Chemical tip blenders can reduce filing time by as much as 50%, while reducing the risk of filing on the natural nail.
Applying the tips to nails can be one of the easiest things to do to the nails, or one of the hardest. If done right, it takes just seconds to fit a tip snugly on the natural nail, with no air bubbles or adhesive seepage. If done wrong, it will still take just seconds to fit the tips---and several frustrating minutes cleaning up your mess on the nail, warns Vicki Peters, nail technician and NAILS Magazine Shows manager. Here, Peters provides time saving tips on applying tips--- including how to use chemical tip blenders.
Prepare the nail before applying the tip. As with any nail service, the time you spend preparing the natural nail plate returns to you twofold with a thin, smooth extension that stays on the nail until the next service.
“The natural nail needs to be shaped perfectly to fit the well area. Most tips have a softly curved well area; you don’t want to try to fit that on a squared free edge because you won’t get a tight fit, “advises Peters. “A tight fit helps eliminate the chance of air bubbles.”
Next, buff the natural nail plate with a fine-grit or disk buffer and push back the cuticle. If you’re repairing a broken nail, make sure no old product remains on the nail.
Go easy on the adhesive. “I apply sparingly an even line of adhesive on the smile line of the natural nail. Then I turn the tip upside down and put three dots of glue in the well---one on each side and one in the center. Next, I hold the well of the tip against the natural nail at a 90o angle and rock the tip down and wipe it against the natural nail to distribute the adhesive evenly. Then I immediately put it back and press it down to eliminate air bubbles,” says Peters. She says this method of applying tips prevents uneven adhesive application and adhesive from seeping out from under the tip.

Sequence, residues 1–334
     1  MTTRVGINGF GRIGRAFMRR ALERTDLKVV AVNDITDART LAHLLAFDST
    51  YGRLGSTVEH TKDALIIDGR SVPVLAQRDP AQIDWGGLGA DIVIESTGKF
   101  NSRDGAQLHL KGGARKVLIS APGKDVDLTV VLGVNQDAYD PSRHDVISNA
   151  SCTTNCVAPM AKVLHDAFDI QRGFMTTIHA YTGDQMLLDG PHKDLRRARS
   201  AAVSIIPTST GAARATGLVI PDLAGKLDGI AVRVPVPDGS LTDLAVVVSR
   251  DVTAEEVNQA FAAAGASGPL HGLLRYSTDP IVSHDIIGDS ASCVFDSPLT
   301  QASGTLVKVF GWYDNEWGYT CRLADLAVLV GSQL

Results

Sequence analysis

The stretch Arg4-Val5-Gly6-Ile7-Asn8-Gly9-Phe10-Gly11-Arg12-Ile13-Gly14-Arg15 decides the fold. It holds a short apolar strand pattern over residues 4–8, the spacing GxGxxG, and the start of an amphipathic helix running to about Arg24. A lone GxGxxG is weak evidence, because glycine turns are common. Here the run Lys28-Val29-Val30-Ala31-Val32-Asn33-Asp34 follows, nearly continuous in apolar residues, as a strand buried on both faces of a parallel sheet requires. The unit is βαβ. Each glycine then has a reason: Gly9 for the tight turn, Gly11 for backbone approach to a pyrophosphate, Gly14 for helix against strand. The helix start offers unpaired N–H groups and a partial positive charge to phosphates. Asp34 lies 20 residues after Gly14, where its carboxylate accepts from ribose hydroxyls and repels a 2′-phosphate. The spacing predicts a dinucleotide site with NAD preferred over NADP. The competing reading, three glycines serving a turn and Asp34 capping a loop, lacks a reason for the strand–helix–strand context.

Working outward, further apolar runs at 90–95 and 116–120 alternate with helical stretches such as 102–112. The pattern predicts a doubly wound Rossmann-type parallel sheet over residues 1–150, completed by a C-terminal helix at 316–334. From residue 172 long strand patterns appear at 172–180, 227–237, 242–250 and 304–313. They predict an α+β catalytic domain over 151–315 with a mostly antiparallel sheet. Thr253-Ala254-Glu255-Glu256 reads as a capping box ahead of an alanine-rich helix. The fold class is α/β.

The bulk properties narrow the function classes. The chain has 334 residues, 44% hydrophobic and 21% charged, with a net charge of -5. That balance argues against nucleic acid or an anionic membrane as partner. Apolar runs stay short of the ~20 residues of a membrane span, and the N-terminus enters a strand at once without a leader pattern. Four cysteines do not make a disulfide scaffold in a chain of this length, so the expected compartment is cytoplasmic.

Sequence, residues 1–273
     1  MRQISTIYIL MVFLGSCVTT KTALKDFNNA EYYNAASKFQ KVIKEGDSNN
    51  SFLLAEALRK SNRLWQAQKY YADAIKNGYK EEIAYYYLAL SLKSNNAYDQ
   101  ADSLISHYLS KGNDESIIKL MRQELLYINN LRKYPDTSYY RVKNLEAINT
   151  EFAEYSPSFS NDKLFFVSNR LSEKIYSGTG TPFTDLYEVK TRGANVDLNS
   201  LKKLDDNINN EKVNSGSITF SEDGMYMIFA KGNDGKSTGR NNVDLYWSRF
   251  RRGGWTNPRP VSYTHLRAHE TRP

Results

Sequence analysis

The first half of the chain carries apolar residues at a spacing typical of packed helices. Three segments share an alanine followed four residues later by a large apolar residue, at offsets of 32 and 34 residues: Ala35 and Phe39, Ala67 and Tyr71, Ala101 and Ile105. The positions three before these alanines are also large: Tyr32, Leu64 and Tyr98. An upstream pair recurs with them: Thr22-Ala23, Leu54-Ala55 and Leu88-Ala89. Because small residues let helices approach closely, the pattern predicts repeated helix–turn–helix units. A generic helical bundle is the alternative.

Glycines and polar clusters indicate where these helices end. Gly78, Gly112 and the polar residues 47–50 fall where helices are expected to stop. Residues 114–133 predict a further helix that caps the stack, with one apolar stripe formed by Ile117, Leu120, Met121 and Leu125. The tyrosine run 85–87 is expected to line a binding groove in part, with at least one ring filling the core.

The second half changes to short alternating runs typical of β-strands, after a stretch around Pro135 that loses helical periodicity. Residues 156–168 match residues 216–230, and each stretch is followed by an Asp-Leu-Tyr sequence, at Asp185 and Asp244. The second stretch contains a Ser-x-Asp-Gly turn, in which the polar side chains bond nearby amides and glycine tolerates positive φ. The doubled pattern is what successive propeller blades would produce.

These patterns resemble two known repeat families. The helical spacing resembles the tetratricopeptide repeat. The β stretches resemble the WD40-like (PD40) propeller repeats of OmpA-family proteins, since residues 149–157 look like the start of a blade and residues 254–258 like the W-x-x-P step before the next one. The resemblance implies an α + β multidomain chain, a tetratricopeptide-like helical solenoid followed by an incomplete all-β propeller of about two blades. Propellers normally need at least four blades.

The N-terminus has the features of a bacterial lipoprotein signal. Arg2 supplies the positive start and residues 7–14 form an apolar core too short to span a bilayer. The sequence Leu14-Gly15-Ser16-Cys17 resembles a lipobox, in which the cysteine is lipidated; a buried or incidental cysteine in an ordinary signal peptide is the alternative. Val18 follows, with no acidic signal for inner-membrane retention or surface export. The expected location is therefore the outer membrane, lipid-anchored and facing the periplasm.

Tip blenders cut your filing time and reduce the chances of damaging the natural nail. Before she tried using a chemical tip blender, Peters says she thought it was just another “miracle” product that wouldn’t live up to its promises. Now, she says she wouldn’t go back to the old way of blending tips.
To use a tip blender, brush it on from left to right across the tip seam and wait a few seconds. File gently on the seam with a medium grit file; the tip material will roll off while you’re filing. “I find it takes two applications to make the seam invisible,” says Peters.
Although the technique sounds too easy to be true, Peters says chemical tip seam blenders work quickly and leave even the nail technician wondering where the real nail ends and the tip begins.